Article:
Manti Elementary Leader-in-Me program teaches kids to be leaders

Manti Elementary students perform for guests during the school’s recent Leadership Day.
Manti Elementary students perform for guests during the school’s recent Leadership Day.

Manti Elementary students perform for guests during the school’s recent Leadership Day.


Linda Petersen

Staff writer



MANTI—As the only Leader in Me school in Central Utah, Manti Elementary is unique, and it’s a difference that’s starting to show.

A Franklin Covey Education program, The Leader in Me, is a school program based on “The 7 Habits of Highly Effective People” distilled into child-friendly principles that teach leadership and life skills. Currently, there are 3,064 Leader in Me schools across the world.

The program has been remarkably successful since it was adopted at Manti Elementary three years ago, according to Principal Karen Soper.

“When I became principal, I wanted to find something to move our school to a more student-centered focus,” she said.

Soper tried a couple of other programs but found they had lacked an academic emphasis before she came across the Leader in Me program.

“I was impressed with how it teaches kids to be leaders and to have a respect for learning,” she said.

At Manti Elementary every student has a leadership role of some kind, ranging from flag leaders to morning announcers to hall monitors and even to bathroom leaders who make sure the bathrooms are kept clean.

“Every child is willing to do a job,” Soper said.

Positions are filled through an application and interview process which gives students real-life experience and self-confidence.

“Through this program, the students are starting to find their genius, find their voice,” Soper said.

Last Wednesday, March 15, students got to show some special guests just what it’s like at a Leader in Me school at their annual Leadership Day.

From the greeters at the door to the registrars to the presenters, performers, light and sound crews—everyone who interacted with the guests in any way was a student.

‘There were adults in the background, but they were only there in case there were any questions or safety issues,” Soper said. “The whole event was planned, implemented and directed by the kids.”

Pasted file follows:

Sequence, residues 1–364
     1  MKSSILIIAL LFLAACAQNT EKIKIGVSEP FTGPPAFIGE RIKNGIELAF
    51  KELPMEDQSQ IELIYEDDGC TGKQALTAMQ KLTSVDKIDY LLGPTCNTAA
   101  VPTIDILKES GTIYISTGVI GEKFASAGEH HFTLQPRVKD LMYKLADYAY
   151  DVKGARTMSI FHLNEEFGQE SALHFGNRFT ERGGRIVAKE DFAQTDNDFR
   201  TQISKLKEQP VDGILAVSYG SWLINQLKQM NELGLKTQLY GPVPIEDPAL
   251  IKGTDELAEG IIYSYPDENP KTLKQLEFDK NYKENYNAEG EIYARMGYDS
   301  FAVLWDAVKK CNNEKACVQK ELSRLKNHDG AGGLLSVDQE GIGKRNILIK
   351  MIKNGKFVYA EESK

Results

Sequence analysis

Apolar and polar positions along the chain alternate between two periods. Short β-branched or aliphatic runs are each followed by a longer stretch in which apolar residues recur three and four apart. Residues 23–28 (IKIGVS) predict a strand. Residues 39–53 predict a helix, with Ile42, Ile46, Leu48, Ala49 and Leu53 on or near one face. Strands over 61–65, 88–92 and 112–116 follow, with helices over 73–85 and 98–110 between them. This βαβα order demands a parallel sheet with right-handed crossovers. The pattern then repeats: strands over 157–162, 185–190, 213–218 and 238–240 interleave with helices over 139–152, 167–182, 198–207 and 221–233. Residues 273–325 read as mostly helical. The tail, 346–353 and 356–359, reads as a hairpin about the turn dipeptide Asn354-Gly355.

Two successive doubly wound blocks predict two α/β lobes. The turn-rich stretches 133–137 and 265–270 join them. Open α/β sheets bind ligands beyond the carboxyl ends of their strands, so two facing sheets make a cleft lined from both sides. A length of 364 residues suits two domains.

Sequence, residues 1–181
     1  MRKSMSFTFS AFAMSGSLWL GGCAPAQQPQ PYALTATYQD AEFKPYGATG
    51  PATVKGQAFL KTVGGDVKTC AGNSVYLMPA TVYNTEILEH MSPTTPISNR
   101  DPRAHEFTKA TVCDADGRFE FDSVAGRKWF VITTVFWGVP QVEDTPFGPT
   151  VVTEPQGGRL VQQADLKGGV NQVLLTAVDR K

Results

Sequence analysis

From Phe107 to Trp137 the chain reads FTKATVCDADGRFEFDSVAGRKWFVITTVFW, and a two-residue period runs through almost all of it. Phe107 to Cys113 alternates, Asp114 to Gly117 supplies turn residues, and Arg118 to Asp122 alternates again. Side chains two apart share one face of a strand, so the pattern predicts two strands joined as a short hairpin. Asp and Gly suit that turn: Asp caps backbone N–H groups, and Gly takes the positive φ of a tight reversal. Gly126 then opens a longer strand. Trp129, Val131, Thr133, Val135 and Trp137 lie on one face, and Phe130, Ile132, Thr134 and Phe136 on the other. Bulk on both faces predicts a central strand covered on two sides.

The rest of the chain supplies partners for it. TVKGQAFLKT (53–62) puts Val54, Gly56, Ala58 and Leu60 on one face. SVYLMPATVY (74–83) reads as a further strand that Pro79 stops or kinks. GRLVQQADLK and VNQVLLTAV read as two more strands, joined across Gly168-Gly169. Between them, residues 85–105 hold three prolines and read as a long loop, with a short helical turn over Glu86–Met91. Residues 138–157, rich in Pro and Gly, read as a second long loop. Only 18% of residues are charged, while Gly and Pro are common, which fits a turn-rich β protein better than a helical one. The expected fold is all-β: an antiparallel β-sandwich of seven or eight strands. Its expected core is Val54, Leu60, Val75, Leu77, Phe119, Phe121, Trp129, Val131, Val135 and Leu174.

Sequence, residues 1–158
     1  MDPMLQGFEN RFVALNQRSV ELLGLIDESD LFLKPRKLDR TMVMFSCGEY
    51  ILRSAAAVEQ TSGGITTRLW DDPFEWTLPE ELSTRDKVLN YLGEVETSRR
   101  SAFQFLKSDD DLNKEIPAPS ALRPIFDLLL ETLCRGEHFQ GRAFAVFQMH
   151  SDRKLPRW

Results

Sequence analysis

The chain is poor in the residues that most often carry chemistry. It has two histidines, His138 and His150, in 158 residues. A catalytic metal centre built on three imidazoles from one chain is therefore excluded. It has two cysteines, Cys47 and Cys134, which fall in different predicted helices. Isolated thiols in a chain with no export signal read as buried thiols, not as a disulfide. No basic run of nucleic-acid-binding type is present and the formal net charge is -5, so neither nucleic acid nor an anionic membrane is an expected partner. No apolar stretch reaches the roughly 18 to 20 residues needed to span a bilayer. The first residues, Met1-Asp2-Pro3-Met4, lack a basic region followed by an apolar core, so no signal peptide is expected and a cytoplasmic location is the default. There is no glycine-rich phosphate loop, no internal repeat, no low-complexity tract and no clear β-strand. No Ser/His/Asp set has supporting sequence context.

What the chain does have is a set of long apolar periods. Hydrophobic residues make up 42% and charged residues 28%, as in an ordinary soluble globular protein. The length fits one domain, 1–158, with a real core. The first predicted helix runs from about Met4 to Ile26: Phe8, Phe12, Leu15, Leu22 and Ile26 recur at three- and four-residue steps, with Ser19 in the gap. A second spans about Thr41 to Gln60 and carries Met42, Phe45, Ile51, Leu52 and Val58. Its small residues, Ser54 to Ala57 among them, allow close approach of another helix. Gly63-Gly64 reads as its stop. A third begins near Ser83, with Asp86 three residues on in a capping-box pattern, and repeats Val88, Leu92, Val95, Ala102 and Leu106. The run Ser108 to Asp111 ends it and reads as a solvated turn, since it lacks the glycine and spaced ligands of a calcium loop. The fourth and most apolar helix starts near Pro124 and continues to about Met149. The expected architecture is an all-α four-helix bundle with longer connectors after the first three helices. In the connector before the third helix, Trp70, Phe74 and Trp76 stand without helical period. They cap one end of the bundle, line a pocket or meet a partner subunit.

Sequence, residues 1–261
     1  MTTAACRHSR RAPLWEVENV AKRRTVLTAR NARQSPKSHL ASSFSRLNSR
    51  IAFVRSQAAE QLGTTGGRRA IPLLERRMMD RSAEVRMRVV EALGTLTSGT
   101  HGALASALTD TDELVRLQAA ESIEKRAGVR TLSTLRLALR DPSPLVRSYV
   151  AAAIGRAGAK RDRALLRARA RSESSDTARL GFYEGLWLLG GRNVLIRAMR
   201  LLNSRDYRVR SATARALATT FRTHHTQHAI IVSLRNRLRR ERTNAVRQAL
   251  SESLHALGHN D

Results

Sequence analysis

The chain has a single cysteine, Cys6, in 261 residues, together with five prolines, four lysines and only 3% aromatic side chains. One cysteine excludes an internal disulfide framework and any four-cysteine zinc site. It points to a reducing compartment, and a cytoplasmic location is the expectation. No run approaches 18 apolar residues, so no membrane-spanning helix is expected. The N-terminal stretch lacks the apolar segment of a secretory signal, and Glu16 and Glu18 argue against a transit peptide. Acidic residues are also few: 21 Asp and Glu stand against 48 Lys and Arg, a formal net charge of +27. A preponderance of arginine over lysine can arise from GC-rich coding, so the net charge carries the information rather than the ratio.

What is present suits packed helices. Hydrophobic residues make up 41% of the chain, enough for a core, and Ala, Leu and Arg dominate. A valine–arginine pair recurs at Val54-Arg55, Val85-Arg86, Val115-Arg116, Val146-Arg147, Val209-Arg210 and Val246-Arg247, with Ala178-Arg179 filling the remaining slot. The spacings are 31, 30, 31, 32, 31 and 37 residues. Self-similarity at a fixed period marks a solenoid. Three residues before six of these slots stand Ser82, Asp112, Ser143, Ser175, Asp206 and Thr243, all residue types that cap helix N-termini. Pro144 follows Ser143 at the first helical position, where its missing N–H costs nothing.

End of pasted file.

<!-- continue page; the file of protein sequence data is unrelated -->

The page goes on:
The students based the event on an Academy Awards theme. Guests walked a red carpet, received swag bags, were directed to their seats by ushers where they enjoyed the premiere of a student-produced video which outlined the Seven Habits of Happy Kids and awarded each habit an Oscar-like trophy.

The guests, who included city council members, district administrators, principals and teachers from schools in Kamas, Tooele, Ogden, Logan, Roy, Milford, North Sanpete and even Nevada, were impressed.

One guest told Soper she had driven “all the way from Ogden for this and it was worth every minute.”

Soper said the impact of the program has been “huge.”

“Our school scores keep going up. We’re seeing the highest growth in a long time,” Soper said. “I’m also getting fewer discipline referrals to my office. After the first full year of the program at our school, it fell from 50 referrals a year to 25, and it is still falling.”

One feature at the school that shows just what students are learning regarding empathy is the Buddy Bench where students sit if they have no one to play with. Since all students are trained to include others and to keep an eye on the bench, no one sits there very long.

The Leader in Me is not a free program. Implementation costs vary, depending on the number of students and staff at a school. Average costs are $40 to $50 per student for each of the first three years which drops to $14 to $19 per student beyond the third year.

Initially, Soper applied for and got a grant of $20,000 from the state legislature to implement the program in her school. She later became aware of, applied for and received a $40,000 Panda Express grant which will fund the program through its fifth year.

Soper said the school’s community council wants The Leader in Me to be in Manti Elementary “forever.” As such, they and Soper are committed to seeking out whatever grants or funds necessary to make that a reality, she said.

The Seven Habits of Happy Kids.
The Seven Habits of Happy Kids.